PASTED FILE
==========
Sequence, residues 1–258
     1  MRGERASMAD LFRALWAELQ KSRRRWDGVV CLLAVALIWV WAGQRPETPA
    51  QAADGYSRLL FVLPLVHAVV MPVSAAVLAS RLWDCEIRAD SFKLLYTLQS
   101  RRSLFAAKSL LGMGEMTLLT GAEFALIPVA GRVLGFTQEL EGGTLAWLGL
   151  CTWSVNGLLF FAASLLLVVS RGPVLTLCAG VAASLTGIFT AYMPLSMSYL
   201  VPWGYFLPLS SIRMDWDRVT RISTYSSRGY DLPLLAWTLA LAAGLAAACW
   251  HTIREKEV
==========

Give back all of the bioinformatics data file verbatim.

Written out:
Sequence, residues 1–258
     1  MRGERASMAD LFRALWAELQ KSRRRWDGVV CLLAVALIWV WAGQRPETPA
    51  QAADGYSRLL FVLPLVHAVV MPVSAAVLAS RLWDCEIRAD SFKLLYTLQS
   101  RRSLFAAKSL LGMGEMTLLT GAEFALIPVA GRVLGFTQEL EGGTLAWLGL
   151  CTWSVNGLLF FAASLLLVVS RGPVLTLCAG VAASLTGIFT AYMPLSMSYL
   201  VPWGYFLPLS SIRMDWDRVT RISTYSSRGY DLPLLAWTLA LAAGLAAACW
   251  HTIREKEV